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The Jazz DJ: Sheila Anderson of WBGO

The Jazz DJ: Sheila Anderson of WBGO

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[Musicians should] have a story. What sets you apart? Being a good player isn't enough, there's lots of competition.
—Sheila Anderson
In this edition of Chats with Cats I interviewed an on-air host at one of the world's leading jazz radio stations. Sheila Anderson is someone who has worked in many communication mediums but I wanted to find out the status of jazz radio in particular, from someone who is at the center of the jazz broadcasting world. While radio used to hold a near monopoly on breaking new artists that just isn't the case anymore when people in the digital age can stream virtually anything they want at any time. But what's missing in that virtual world are people to help the listener sift through it all with knowledge and insight. Traditional radio still offers that human element so I asked Ms. Anderson about her view on all of this.

About Sheila Anderson

In the world of art, much of the focus is placed upon the artists and rightfully so. However, there are certain individuals behind the scenes who are moving and shaking, feeding and affecting the scene in myriad ways. Sheila Anderson is one of these individuals. She has always taken on the challenges of creating opportunities for herself, developing formats that exist outside of the box.

Sheila has been preaching the gospel of jazz through several mediums. She is a writer. She's written for several magazines including Oceana and Hot House. She's written two books, The Little Red Book of Musicians' Wisdom (Skyhorse, 2012) and How to Grow as A musician: What All Musicians Must Know to Succeed. (Allworth Press, 2006). She produces an award winning television show in New York City called The Art of Jazz where she books guests, writes scripts, and edits all by herself. She is also an on-air host at WBGO, a non-profit jazz station based in Newark, New Jersey. WBGO is a leader in jazz radio which reaches over 400,000 people in the New York/New Jersey Area. And by producing content in partnership with NPR and Jazz at Lincoln Center, it reaches millions.

All About Jazz: You're involved in print media, radio, and television supporting jazz. What has inspired you to advance this music so ardently?

Sheila Anderson: Basically it comes from my love of the music and the musicians. I fell in love with jazz music when I was a child, about six years of age. When I was hired at WBGO in February of 1995 I felt that I had some gaps in my knowledge of the music and wanted to learn about it from the musicians. My boss wouldn't allow interviews during the weekend shows except for Singers Unlimited. I had been certified at Time Warner Cable to do a public access TV show so I decided to call it The Art of Jazz and that gave me the platform to talk with them. Musicians are some of the smartest, funniest, complicated and interesting people I've met. I feel strongly that the music must be preserved.

AAJ: You've been a DJ since the mid '90s. How has radio changed since that time?

SA: First, the internet has changed what radio is. We are now heard around the world, not just within the reach of the transmitter. WBGO was one of the first to broadcast on the website Jazz Central Station, in I believe 1997 or so. My first audition was on a reel to reel. Really, radio hasn't changed in the true sense of the word, how we broadcast has.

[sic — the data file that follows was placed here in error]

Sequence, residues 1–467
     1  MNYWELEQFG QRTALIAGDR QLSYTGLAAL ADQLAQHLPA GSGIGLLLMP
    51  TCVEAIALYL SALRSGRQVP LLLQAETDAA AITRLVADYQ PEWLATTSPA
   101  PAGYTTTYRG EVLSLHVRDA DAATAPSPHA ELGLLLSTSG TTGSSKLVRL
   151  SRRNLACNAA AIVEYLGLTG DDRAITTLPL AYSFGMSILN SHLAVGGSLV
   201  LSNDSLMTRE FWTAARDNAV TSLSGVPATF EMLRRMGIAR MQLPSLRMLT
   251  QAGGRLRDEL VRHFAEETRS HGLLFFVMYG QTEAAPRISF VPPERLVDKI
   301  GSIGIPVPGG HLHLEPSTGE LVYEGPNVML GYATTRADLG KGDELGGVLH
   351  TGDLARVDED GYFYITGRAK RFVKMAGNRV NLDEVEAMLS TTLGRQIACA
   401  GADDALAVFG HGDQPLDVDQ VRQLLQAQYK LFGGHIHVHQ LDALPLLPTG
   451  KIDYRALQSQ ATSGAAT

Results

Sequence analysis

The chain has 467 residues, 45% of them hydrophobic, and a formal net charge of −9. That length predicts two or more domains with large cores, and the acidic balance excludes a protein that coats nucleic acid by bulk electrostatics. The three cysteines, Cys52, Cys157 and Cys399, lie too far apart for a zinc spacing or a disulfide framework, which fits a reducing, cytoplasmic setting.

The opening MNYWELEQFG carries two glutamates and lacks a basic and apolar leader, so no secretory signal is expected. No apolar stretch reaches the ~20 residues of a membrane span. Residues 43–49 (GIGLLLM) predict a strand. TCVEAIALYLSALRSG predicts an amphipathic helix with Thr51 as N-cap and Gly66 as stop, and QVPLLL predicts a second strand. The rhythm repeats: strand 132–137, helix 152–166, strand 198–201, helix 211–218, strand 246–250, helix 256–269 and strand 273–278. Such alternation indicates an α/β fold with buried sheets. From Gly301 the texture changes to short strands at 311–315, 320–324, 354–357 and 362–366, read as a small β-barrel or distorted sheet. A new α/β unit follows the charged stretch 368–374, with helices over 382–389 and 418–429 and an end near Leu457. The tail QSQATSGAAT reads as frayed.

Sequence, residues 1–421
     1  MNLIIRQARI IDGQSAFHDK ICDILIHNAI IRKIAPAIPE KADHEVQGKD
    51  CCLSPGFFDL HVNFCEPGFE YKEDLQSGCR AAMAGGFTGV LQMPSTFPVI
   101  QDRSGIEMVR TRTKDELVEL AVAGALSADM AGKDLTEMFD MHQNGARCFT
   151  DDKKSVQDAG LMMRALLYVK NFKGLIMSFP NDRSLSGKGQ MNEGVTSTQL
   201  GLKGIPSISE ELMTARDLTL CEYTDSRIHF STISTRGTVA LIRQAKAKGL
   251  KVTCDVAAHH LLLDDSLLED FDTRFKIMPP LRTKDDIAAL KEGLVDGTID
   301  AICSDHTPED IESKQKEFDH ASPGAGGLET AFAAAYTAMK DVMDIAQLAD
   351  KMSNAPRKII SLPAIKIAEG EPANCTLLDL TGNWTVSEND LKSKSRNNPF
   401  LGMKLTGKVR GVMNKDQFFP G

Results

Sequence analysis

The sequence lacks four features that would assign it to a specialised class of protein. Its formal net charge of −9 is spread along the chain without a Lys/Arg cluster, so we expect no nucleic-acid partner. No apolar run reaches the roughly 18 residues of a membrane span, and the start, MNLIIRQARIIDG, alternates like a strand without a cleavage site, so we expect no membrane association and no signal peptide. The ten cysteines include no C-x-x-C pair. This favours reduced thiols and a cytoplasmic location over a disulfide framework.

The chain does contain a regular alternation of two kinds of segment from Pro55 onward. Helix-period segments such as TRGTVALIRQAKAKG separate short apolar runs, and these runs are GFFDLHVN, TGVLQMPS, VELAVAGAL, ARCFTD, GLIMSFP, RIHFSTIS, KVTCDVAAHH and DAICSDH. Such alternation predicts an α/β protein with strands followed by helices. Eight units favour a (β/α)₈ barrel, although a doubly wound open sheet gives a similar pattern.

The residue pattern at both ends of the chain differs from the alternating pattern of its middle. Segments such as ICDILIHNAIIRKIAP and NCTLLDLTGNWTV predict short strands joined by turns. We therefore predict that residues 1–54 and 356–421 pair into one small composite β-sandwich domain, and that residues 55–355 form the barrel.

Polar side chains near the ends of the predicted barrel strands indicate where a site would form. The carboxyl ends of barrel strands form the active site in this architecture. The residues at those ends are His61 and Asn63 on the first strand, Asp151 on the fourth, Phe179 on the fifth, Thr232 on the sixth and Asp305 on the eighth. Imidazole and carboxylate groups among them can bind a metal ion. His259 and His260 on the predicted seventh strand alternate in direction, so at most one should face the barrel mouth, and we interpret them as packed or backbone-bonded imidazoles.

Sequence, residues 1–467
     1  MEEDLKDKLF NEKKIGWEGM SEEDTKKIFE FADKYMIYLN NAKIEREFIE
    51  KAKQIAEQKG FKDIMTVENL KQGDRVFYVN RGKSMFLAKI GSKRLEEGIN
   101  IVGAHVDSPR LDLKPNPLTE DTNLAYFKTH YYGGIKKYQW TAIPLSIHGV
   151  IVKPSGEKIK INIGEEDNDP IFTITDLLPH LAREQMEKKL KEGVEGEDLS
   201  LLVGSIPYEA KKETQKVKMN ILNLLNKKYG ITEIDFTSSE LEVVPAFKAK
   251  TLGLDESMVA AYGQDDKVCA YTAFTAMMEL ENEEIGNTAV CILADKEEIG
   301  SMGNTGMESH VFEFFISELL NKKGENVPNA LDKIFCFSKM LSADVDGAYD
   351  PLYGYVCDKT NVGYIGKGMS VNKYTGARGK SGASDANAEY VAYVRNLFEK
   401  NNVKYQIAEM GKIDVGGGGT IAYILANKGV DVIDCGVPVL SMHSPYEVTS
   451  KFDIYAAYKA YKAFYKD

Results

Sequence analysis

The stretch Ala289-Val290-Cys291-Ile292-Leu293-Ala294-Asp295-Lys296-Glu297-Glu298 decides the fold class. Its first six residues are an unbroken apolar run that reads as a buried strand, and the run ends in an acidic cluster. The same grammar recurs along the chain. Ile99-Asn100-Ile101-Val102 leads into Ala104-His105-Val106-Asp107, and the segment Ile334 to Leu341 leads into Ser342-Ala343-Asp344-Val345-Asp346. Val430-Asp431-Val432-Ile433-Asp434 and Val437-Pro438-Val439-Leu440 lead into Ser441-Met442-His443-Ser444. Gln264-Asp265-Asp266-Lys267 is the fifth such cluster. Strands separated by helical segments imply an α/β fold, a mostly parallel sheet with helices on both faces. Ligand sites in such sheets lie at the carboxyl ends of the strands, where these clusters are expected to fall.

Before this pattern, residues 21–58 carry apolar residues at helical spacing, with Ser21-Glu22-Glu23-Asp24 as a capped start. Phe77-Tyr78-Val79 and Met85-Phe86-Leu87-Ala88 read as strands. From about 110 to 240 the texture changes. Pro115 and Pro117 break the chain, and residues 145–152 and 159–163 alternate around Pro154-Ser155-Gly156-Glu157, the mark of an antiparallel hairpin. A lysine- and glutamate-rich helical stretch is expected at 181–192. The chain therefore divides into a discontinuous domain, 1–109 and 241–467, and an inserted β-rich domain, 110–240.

AAJ: With so many musicians able to record independently now is it more difficult to find great music amongst all the clutter?

SA: Good question. At one time, music director, Gary Walker, would not accept self-produced CD's. Well, yes and no. For the most part, labels played the role of gatekeepers but I'm not hearing a ton of "great" music.

AAJ: What kinds of things can an artist do to increase the chances of their music being played on the radio?

SA: First, have a name on the scene. Second, have a story. What sets you apart? Being a good player isn't enough, there's lots of competition. Reach out to announcers, let them know that you have a recording. WBGO has over one hundred new releases at any given time. During my five hour shifts I get to spin about eight new tunes.

AAJ: Do you play a mix of formats or just CDs? (vinyl? digital?)

SA: I spin CD's and albums. The station is not set up for digital releases.

AAJ: How much of your playlist is based on what you think your audience wants to hear and how much is your own personal tastes?

SA: Good question! I'd say, maybe 60/40, what I think the audience wants to hear. But I like lots of music so my personal tastes, I believe, overlap. My challenge is to not fall into a rut and spin my top 40. Or the same artists and songs from those artists. At WBGO we cover jazz from A to Z; Armstrong to Zollar.

AAJ: Do you think jazz has become more inclusive among other races, nationalities, and genders?

SA: More inclusive? As compared to what? Hasn't jazz always been inclusive? As a matter of fact, in November, 2019, I went to St. Petersburg Russia as a panelist during the Jazz Across Borders conference, of which I'm a co-founder. For two days there were panel discussions about all aspects of the business and mostly Russian musicians performed throughout the day. Regarding gender there are more and more female instrumentalists leading bands. Camille Thurman is on her second year touring with the Jazz at Lincoln Center band.

AAJ: Do you find young people are tuning in?

SA: For me the jury is still out. Young people tell me that they'll listen if they're in a car but I find that radio isn't as much a part of their lives as it was in mine. They have more sources to access music than the radio.

AAJ: What's your prognosis for the future of jazz?

SA: The future of jazz is strong.

Photo credit: WBGO 88.3FM

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